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Simple cycle refineries (Hydroskimming) are traditionally equipped with crude oil distillation plants, desulphurization units for distillates, and with units to increase the octane number of gasolines.

The hydrogen for hydrodesulphurization is supplied by the reforming units. More recently, the reform units have been accompanied by units for the isomerization of the C5-C6 cut.

Diagram of a Simple Cycle (Hydroskimming) Refinery


In addition to the units in the hydroskimming scheme, the thermal conversion cycle also includes visbreaking units (plus thermal cracking) or cokers; these represented the first generation of conversion processes.

Thermal Conversion Cycle with Visbreaking and Thermal Cracking

Visbreaking (VB) and coking have always been relatively important, given their ability to treat the residues of distillation atmospheric and vacuum in a relatively simple and economical way. Coking in particular may also represent the basic process in a deep conversion refinery if a use is found for the coke produced (combustion, sale or gasification). Yields, especially in the case of visbreaking, are not high; the same is true of the quality of the products. However, there is an increase in middle distillates (in the case of VB) or light products in general (in the case of coking), and this improves the refinery’s operational flexibility.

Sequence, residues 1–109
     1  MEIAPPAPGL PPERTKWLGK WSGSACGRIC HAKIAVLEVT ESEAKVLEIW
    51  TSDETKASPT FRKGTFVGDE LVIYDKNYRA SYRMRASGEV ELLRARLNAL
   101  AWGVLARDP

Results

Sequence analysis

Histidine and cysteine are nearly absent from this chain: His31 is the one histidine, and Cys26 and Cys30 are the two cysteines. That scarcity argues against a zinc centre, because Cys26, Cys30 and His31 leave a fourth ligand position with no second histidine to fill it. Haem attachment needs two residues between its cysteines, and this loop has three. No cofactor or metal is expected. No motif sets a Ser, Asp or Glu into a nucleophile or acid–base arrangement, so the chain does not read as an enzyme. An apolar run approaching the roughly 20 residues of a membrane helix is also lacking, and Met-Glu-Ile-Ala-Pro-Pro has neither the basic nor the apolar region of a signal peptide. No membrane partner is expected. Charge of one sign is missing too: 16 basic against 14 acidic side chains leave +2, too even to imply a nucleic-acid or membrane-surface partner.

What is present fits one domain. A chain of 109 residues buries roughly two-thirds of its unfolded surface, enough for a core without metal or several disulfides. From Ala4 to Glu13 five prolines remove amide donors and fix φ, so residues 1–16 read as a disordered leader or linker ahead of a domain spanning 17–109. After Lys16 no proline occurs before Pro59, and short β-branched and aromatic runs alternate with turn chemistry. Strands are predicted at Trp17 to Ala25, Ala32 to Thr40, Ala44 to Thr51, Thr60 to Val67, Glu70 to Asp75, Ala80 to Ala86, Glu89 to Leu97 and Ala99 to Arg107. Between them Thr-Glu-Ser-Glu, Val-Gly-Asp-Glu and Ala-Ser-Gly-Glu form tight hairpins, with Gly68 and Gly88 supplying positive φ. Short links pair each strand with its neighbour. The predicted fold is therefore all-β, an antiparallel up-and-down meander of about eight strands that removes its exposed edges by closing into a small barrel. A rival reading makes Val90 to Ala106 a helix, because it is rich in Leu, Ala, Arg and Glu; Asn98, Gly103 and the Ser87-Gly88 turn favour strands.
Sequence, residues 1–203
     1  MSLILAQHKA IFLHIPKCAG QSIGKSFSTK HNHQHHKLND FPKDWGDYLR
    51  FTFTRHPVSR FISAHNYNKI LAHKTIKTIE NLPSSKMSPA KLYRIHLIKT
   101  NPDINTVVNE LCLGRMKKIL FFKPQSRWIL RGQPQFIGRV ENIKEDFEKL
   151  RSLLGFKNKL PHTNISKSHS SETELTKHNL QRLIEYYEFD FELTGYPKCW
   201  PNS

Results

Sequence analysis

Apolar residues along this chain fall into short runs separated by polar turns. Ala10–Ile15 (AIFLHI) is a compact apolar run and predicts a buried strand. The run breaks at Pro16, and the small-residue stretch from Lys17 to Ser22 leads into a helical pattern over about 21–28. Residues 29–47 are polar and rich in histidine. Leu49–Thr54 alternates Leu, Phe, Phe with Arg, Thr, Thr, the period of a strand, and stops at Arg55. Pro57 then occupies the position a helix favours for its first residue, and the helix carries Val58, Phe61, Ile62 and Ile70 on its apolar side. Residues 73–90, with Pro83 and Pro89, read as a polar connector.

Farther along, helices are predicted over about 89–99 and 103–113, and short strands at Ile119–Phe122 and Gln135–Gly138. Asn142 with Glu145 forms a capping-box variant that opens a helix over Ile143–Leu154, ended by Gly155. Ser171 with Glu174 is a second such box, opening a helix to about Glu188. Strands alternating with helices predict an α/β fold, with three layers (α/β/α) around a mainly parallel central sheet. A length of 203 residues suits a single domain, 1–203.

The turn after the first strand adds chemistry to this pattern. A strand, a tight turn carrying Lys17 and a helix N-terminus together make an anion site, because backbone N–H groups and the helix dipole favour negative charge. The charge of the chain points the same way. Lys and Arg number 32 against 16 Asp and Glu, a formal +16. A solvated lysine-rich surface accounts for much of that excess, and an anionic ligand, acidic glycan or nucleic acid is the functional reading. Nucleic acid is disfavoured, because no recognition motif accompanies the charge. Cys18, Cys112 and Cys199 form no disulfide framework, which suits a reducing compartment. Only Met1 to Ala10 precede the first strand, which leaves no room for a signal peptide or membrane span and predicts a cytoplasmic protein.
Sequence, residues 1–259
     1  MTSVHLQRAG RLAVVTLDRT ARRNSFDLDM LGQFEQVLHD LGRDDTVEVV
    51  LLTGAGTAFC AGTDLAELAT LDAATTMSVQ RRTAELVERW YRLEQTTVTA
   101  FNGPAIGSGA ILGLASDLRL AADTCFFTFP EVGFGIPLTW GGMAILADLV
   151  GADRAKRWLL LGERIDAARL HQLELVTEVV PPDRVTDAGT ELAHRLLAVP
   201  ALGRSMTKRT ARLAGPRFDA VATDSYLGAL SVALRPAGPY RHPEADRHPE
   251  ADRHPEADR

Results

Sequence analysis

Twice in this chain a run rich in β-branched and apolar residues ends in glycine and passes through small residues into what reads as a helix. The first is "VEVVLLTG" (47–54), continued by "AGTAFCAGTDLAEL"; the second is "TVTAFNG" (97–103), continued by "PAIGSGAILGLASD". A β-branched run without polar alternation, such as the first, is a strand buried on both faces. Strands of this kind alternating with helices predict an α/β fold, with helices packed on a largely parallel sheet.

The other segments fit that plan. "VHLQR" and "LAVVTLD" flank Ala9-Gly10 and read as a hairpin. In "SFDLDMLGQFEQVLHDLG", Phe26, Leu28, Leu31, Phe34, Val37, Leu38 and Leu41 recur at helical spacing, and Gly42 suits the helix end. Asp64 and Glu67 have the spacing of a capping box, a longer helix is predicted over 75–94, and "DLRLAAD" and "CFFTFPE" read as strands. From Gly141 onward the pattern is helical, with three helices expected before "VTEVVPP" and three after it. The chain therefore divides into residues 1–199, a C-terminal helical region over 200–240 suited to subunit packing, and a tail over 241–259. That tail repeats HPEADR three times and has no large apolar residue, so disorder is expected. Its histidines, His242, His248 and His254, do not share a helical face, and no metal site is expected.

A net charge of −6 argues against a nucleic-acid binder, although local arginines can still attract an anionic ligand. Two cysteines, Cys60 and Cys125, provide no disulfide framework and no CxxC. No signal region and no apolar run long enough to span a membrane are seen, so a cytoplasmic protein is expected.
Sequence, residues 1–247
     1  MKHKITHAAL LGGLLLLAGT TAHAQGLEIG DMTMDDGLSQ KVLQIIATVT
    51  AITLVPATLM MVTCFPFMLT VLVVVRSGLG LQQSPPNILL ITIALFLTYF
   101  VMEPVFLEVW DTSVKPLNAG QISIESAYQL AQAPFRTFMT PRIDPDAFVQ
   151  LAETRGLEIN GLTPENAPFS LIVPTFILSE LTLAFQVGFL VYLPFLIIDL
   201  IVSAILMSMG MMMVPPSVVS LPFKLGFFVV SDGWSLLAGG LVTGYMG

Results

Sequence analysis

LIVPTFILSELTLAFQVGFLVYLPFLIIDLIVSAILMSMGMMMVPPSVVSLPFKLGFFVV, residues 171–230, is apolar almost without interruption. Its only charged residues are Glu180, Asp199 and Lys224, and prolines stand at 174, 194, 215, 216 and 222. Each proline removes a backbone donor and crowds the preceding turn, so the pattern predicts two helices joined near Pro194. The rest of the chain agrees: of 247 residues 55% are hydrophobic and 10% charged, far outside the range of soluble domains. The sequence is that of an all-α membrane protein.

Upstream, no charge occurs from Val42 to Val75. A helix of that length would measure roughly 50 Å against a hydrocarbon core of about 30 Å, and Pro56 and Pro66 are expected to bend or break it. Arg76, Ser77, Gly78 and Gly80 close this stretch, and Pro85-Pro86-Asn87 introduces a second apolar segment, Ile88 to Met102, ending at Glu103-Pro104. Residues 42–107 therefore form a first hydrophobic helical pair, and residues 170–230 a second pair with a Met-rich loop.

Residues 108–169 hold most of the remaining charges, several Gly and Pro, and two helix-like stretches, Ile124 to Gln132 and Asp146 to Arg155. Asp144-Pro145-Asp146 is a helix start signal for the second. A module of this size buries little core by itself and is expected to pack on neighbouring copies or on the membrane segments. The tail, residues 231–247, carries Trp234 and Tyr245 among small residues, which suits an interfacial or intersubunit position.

Thermal Conversion Cycle with Coking

However, this cycle is unable, at least in its simplest form, to meet the quality and environmental requirements of a modern industrialized country.


Catalytic conversion refineries are equipped, in addition to the other units, with more traditional conversion plants, especially those for catalytic cracking and/or hydrocracking .

Since the beginning, catalytic cracking, has been more popular in the American refining system than in the European. Often, the catalytic cracker is followed by an alkylation plant which uses the gaseous by-products of FCC.

Catalytic conversion cycle with FCC and alkylation

Hydrocracking, which necessarily requires the presence of purpose-built plants for the production of hydrogen (steam reforming), became widespread later, and represents the basis of many modern refining cycles.

Catalytic conversion cycle with hydrocracking

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